SABMiller has reported a rise in third-quarter sales despite ongoing weakness in China. The maker of beers such as Peroni and Grolsch, saw a 4% rise in sales in the three months to the end of December. Volume sales of lager fell 1% while soft drink volume sales rose 4%, the firm adds. In China, revenue fell 7% on a 9% decline in volume sales.

  54. Dixons Carphone results

    BBC Radio 4

    Dixons Carphone has taken on about 1,500 Phones4U staff since the collapse of the rival firm, chief executive Sebastian James tells Today. He says he is unconcerned about the growth of online retailing. "Dixons Carphone is absolutely as cheap as the cheapest online retailer," he says. That's not hurting profits because the firm is seeing an increase in volume, he says.

  55. WH Smith results

    WH Smith store

    "One day WH Smith will turn a profit on zero sales," quips a colleague on the BBC Business desk. That's after WH Smith reported a 2% fall in like-for-like sales for the 20 weeks to 17 January, but growing profits due to cost efficiencies and improving margins.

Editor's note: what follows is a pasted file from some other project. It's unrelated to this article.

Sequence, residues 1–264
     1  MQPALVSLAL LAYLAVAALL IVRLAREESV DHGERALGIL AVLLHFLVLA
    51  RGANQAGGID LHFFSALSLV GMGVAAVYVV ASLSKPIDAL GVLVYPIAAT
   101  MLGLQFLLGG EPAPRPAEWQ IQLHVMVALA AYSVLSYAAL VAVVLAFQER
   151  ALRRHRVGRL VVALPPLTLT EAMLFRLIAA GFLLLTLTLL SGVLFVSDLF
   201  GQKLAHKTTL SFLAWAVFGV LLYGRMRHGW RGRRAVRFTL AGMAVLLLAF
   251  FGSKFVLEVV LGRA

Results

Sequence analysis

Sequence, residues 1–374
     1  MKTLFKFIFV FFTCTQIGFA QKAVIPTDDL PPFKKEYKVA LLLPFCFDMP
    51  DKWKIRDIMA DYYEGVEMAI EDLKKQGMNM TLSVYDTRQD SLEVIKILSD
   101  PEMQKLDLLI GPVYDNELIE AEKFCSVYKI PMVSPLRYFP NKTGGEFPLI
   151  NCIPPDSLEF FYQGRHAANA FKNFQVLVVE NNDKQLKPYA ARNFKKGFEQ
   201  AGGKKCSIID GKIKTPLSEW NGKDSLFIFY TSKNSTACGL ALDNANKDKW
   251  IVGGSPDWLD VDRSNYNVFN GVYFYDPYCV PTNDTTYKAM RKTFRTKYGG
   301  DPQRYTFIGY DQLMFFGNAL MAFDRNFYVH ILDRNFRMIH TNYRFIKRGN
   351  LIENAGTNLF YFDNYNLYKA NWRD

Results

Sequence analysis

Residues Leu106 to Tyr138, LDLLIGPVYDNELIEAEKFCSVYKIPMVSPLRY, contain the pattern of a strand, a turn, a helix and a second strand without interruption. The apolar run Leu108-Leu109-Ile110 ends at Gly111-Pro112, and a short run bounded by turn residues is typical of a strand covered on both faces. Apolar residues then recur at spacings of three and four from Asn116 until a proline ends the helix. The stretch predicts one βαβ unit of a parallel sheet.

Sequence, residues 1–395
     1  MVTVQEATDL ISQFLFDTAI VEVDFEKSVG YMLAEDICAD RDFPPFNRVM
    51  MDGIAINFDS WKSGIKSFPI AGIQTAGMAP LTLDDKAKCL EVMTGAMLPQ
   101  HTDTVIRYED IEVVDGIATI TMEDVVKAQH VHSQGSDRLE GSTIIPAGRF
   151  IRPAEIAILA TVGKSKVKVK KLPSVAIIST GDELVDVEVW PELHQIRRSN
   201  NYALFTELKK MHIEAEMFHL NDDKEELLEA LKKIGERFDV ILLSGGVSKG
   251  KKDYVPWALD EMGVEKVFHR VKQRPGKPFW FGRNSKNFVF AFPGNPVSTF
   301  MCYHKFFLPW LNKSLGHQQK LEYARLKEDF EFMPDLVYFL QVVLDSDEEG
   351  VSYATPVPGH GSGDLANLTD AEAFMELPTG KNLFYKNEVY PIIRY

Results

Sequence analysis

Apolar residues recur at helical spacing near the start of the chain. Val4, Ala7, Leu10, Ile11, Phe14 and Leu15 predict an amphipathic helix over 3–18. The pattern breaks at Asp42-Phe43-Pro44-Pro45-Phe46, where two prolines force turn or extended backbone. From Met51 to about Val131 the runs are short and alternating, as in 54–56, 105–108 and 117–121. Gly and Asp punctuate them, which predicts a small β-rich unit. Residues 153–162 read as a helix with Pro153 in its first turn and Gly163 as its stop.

56. Via Twitter

    Douglas Fraser

    Business and economy editor, Scotland

    Cairn Energy pulls back on exploration commitments. As for Faroe Petroleum, it's won right to drill in 5 blocks of Norwegian waters

  57. Greece euro exit

    BBC Radio 4

    Angela Merkel

    "Syriza could declare a state of emergency. It could declare that we've run out of money and default on its debt," Greek economist Elena Panaritis tells Today. That's why some people are worried about this weekend's general election. Artur Fischer head of the Berlin stock exchange says Greece has borrowed about €65bn from Germany. It's unlikely German chancellor Angela Merkel will accept Greece defaulting on those loans, he says.